- Walter Rudolf Hess and António Caetano Egas Moniz (1949) for discovery of the functional organization of the midbrain and for the controversial therapeutic value of leucotomy respectively.
- Alan Hodgkin, Andrew Huxley, and Sir John Eccles (1963) for discovering the ionic basis of the action potential and macroscopic currents through their use of the squid giant axon.
- Sir Bernard Katz, Ulf von Euler and Julius Axelrod (1970) for the discovery of the mechanisms responsible for neurotransmitter storage, release, and inactivation. Their work included the discovery of the synaptic vesicle and quantal neurotransmitter release.
- Roger Guillemin and Andrew V. Schally (1977) for discovering the production on the brain of the peptide hormone.
- Roger W. Sperry, David H. Hubel and Torsten N. Wiesel (1981) for discoveries concerning the cerebral hemispheres specialization and the visual system respectively.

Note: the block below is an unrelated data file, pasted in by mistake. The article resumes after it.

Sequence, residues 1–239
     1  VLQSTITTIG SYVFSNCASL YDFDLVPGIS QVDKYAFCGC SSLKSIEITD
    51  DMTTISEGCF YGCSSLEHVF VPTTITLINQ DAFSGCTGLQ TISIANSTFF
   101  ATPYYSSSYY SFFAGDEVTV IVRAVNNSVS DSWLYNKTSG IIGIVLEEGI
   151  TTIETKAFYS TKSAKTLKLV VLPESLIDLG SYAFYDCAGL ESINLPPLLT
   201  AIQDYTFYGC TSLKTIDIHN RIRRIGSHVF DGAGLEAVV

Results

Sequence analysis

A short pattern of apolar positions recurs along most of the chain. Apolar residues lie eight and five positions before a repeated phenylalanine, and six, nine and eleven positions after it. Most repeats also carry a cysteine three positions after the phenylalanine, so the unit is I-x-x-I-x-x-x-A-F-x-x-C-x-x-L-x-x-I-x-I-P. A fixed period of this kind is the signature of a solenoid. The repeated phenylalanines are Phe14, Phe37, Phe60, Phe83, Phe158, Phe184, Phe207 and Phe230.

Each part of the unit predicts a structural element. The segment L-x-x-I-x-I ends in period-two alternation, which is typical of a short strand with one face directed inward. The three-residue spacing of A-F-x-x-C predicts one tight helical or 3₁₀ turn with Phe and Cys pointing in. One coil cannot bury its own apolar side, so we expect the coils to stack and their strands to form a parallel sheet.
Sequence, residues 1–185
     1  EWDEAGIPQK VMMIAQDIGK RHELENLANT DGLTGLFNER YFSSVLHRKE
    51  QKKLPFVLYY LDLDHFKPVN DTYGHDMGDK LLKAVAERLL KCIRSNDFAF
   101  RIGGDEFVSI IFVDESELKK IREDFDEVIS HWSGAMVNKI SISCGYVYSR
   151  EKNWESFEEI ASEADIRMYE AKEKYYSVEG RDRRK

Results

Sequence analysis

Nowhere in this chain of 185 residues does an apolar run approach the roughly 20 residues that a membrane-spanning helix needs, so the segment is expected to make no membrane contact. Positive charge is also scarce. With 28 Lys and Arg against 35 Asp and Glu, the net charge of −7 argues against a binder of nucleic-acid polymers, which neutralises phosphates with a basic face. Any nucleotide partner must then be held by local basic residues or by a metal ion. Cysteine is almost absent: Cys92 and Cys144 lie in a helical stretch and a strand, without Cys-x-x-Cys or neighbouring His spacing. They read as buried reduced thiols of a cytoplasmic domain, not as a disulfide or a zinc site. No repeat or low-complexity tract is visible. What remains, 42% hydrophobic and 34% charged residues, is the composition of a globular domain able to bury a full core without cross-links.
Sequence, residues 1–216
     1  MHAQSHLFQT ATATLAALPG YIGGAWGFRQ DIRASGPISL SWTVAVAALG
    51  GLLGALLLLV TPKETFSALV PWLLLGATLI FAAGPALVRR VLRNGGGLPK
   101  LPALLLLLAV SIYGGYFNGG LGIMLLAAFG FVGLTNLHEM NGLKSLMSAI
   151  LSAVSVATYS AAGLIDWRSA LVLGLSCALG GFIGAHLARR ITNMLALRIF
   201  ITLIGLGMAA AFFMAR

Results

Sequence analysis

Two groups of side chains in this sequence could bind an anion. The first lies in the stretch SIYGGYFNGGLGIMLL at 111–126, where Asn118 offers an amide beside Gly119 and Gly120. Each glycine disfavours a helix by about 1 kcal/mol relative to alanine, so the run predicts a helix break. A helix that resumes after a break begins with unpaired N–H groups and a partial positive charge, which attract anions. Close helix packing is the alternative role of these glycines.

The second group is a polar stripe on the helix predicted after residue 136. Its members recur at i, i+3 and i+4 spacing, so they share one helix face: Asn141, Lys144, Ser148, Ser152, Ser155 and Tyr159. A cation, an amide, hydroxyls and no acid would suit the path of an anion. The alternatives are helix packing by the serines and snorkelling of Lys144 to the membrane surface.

- Stanley Cohen and Rita Levi-Montalcini (1986) for their discovery of nerve growth factor (NGF) as well as epidermal growth factor (EGF).
- Erwin Neher and Bert Sakmann (1991) for the development of the patch-clamp recording technique, allowing, for the first time, the observation of current flow through individual ion channels. Neher and Sakmann additionally characterized the specificity of ion channels.
- Arvid Carlsson, Paul Greengard and Eric Kandel (2000) for the discovery of neural signal transduction pathways upon neurotransmitter binding, as well as the establishment of dopamine as a primary acting neurotransmitter.
- Richard Axel and Linda B. Buck (2004) for their discoveries concerning the olfactory system
- Thomas C. Südhof (2013) for the discovery of the precise neurotransmitters release control system.
- John O'Keefe, Edvard I. Moser and May-Britt Moser (2014) for their discoveries of cells that constitute a positioning system in the brain.
Neuroscientists in popular culture
- Victor Frankenstein, title character of Mary Shelley's 1818 novel Frankenstein; or, The Modern Prometheus
- Amy Farrah Fowler, Ph.D, main character in CBS's The Big Bang Theory
- Dr. Cameron Goodkin, main character in Stitchers. Before his work at the NSA, he was a researcher at MIT.